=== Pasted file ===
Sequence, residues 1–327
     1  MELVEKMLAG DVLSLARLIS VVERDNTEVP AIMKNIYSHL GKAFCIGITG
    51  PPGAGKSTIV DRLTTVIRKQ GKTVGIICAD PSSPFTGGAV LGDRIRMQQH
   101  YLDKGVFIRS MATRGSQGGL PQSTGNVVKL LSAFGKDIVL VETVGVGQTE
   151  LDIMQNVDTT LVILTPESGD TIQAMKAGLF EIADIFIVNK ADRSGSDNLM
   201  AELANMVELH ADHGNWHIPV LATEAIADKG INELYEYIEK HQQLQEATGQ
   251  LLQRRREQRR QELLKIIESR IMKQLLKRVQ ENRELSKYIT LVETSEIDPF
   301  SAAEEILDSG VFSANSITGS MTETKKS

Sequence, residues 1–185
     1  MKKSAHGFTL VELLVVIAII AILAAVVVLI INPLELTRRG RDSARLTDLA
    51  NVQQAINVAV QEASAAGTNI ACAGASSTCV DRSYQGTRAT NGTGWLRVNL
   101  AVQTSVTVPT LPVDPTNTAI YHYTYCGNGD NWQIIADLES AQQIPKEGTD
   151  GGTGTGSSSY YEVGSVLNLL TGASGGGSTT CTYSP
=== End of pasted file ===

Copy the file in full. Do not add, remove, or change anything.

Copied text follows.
Sequence, residues 1–327
     1  MELVEKMLAG DVLSLARLIS VVERDNTEVP AIMKNIYSHL GKAFCIGITG
    51  PPGAGKSTIV DRLTTVIRKQ GKTVGIICAD PSSPFTGGAV LGDRIRMQQH
   101  YLDKGVFIRS MATRGSQGGL PQSTGNVVKL LSAFGKDIVL VETVGVGQTE
   151  LDIMQNVDTT LVILTPESGD TIQAMKAGLF EIADIFIVNK ADRSGSDNLM
   201  AELANMVELH ADHGNWHIPV LATEAIADKG INELYEYIEK HQQLQEATGQ
   251  LLQRRREQRR QELLKIIESR IMKQLLKRVQ ENRELSKYIT LVETSEIDPF
   301  SAAEEILDSG VFSANSITGS MTETKKS

Sequence, residues 1–185
     1  MKKSAHGFTL VELLVVIAII AILAAVVVLI INPLELTRRG RDSARLTDLA
    51  NVQQAINVAV QEASAAGTNI ACAGASSTCV DRSYQGTRAT NGTGWLRVNL
   101  AVQTSVTVPT LPVDPTNTAI YHYTYCGNGD NWQIIADLES AQQIPKEGTD
   151  GGTGTGSSSY YEVGSVLNLL TGASGGGSTT CTYSP